Edited by Pauline Dixon, Reader in International Development and Education, Chris Counihan, Research Associate, Development and Education and Steve Humble, Teaching Fellow, Mathematics, Newcastle University, UK
This Handbook provides a unique compendium of ideas, seminal research and policy initiatives around international development and the role of education. Using historic and contemporary evidence, the editors redefine international development narrative through a new understanding of 'what works', drawn from pragmatic ideas and approaches. An essential tool for researchers, practitioners and students alike.
Contributors include: J. AlWindi, T. Andrabi, M. Aslam, G. Ayittey, J. Centenera, C.J. Counihan, J. Das, P. Dixon, A.J. Egalite, G. Elacqua, O.I. Eshiet, E. Hanushek, J. Härmä, D. Hawker, S.P. Heyneman, S. Humble, A.I. Khwaja, J. Kimmitt, M. Latham, D. Longfield, M. Martinez, J.G. Maree, P. Marshall, S. Mitra, E. Mpofu, K. Ntinda, T. Oakland, V. Pota, B. Rangaraj, S. Rawal, H. Santos, E.G. Seeco, B. Snowdon, J. Stanfield, J.M.B. Stern, J. Tooley, L. Woessman, P.Wolf
This Handbook considers the myths and untruths that currently exist in international development and education. Using historic and contemporary evidence, this compendium redefines the international development narrative through a new understanding of 'what works', drawn from pragmatic ideas and approaches.
Collaborative efforts from esteemed academics and practitioners outline the current plans to improve systems and offer better outcomes for the poor. The resultant sections offer a new direction for policy renewal and research development in education. These twenty-eight chapters are therefore a reflection of how modern developing economies operate within a diverse economic, cultural and ethical landscape. They represent an important argument in light of the quest to achieve ‘quality education for all’; discuss poverty reduction strategies; and offer innovative vistas for future development in research, policy and practice.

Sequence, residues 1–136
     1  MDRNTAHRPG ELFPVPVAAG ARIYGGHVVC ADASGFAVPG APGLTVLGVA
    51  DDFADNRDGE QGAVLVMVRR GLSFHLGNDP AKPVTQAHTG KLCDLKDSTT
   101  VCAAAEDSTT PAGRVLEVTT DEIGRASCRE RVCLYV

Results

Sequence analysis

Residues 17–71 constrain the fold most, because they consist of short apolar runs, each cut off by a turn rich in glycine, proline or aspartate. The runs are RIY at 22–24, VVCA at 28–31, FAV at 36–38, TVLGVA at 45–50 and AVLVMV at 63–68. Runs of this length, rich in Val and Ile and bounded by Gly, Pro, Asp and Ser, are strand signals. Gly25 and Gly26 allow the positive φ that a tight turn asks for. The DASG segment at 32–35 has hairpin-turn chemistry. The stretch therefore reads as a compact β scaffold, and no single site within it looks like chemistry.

Offering real policy initiatives, this Handbook provides researchers, practitioners and policymakers with essential up-to-date information, including empirical evidence for replication or implementation. It is also a valuable resource for students and those involved in international development and education.
Education in developing countries, as in all countries, is of great importance for future growth. The role of private providers of education in the developing world, particularly those focusing on the urban poor, is increasingly recognized as a factor in addressing the challenge of achieving Education for All. A case study of the extent and quality of the educational sector in Aguablanca in Cali, Colombia, confirms previous findings of the positive role that the private providers play. The private sector's share of schools and pupils is found to constitute a clear majority. Equally significant is the finding that the private schools perform better on two indicators of quality: teacher activity and pupil-teacher ratio. Ambiguous results were conveyed concerning material inputs. Considering that the government financed schools have more resources at their disposal these findings merit further attention. Even more so since these results are in congruence with previous studies, thus indicating that an interesting new field is only just being revealed.
5 Years in Colombia
My Educational Discovery of the Meaning of Life, Happiness, Love & True Wealth
The complete first edition is planned for publishing by December 31, 2017. For interested early readers, free copies of two chapters per week can be emailed privately. All material is subject to revision before final publication.